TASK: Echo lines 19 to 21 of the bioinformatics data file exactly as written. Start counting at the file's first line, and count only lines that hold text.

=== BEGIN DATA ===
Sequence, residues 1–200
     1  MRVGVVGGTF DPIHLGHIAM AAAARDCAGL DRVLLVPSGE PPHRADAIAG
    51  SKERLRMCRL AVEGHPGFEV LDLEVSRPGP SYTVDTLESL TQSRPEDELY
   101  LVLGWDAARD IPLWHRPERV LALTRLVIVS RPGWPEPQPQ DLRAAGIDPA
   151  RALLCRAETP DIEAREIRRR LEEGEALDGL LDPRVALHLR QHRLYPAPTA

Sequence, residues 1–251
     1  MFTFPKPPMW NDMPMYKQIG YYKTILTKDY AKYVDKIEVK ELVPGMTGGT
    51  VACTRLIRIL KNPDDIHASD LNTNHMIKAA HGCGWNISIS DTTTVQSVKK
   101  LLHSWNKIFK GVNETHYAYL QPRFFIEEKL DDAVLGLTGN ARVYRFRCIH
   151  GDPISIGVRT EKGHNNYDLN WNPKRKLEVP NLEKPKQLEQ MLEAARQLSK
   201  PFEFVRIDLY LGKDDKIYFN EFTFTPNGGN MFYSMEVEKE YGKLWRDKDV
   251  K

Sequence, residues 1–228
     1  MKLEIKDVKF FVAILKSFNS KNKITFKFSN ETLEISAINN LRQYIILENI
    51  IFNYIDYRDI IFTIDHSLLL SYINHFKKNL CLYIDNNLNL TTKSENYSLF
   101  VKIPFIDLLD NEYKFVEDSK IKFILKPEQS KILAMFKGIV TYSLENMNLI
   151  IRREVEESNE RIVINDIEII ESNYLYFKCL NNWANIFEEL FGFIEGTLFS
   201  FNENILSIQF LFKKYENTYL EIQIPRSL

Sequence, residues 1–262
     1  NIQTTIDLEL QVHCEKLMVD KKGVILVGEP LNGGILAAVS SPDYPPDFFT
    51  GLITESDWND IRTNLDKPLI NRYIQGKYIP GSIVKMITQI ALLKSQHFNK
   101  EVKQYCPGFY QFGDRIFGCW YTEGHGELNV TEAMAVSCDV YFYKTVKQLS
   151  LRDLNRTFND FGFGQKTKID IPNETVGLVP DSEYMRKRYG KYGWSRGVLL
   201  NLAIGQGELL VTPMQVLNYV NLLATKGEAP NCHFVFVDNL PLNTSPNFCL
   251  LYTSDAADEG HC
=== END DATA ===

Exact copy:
Sequence, residues 1–262
     1  NIQTTIDLEL QVHCEKLMVD KKGVILVGEP LNGGILAAVS SPDYPPDFFT
    51  GLITESDWND IRTNLDKPLI NRYIQGKYIP GSIVKMITQI ALLKSQHFNK